Norwood Park, an Asheville Historical District, would be a great place to live. It's located just north of downtown and is walkable to restaurants and other businesses along Merrimon Avenue.
You can find Norwood Park by driving up Merrimon Avenue and turning right just after Luella's Bar-B-Que onto Murdock Avenue. It's roughly bounded by Murdock on the west and south, Norwood on the East and Woodward on the north.
In 2008 it was listed in the National Register. The neighborhood covers about twenty-six acres. Many of the houses were built during the first three decades of the 1900s. The most common style is the Craftsman Bungalow. Other common styles include Colonial Revival, Tudor Revival, Minimal Tradition and Dutch Colonial. More homes were built between the late 1930s and late 1950s.
If you approach from Merrimon, turning onto Woodward and going right, you'll see the houses sitting to your left at the top of a steep hill. Some of the other lots, however, are nearly level or sloping gently.
When this neighborhood was built, there was probably a need for middle class housing, so these homes tend to be smaller and on smaller lots than other historical neighborhoods like Grove Park and Montford.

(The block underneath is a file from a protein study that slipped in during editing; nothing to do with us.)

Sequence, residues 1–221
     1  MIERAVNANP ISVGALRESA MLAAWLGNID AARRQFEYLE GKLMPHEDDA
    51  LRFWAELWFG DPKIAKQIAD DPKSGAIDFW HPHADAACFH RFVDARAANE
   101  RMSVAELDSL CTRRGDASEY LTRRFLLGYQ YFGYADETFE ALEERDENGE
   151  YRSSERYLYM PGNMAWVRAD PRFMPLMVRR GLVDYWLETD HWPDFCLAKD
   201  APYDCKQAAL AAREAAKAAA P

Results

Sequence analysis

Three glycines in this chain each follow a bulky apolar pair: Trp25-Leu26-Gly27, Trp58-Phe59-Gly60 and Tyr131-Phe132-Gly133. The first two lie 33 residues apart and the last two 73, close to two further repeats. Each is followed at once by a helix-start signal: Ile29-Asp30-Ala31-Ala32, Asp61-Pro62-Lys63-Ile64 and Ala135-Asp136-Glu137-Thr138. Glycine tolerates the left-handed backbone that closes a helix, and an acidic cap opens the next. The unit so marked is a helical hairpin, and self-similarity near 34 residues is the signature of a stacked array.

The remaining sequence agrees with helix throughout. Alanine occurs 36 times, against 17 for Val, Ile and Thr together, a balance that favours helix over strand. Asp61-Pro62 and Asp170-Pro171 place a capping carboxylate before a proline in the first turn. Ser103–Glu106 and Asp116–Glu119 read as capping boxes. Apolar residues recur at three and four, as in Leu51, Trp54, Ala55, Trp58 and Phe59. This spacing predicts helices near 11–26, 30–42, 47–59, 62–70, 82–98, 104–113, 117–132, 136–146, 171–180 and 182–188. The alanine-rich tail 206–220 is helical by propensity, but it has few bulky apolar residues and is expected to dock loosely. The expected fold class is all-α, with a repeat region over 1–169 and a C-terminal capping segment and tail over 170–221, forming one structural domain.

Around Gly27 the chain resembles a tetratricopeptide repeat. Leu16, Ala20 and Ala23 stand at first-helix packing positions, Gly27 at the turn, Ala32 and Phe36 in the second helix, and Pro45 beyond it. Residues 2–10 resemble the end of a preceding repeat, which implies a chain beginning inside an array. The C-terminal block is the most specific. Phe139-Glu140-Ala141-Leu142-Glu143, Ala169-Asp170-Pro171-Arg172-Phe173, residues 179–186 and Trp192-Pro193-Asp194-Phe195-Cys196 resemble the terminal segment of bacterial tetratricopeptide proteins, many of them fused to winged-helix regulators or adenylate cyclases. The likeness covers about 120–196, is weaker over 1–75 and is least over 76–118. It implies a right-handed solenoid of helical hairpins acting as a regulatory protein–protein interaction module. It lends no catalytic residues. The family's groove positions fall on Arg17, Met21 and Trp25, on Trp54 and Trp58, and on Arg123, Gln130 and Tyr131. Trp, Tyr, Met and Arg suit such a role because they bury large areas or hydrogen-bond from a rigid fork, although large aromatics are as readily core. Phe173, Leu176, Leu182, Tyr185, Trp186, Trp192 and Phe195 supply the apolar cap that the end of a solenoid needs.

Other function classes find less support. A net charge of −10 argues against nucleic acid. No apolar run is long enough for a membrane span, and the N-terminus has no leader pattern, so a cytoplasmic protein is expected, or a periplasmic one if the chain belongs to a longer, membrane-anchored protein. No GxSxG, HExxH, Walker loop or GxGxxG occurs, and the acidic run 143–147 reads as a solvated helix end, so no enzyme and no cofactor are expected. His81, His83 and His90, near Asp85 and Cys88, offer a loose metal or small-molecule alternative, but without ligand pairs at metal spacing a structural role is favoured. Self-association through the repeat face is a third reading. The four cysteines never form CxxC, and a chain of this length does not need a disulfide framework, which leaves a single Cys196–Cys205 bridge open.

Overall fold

This was one of the new automobile neighborhoods. Alleys were designed to run behind the houses with garages for cars.
The "suburb beautiful" movement was also gaining popularity around the country. Curving streets that followed the natural topography was important. I wish designers had kept that value! Sidewalks and tree-lined streets were also part of the trend.
The two oldest homes here are located at 39 Ramoth Rd and 104 Woodward Avenue. These were both originally farmhouses.
Just let me know if you have any questions.
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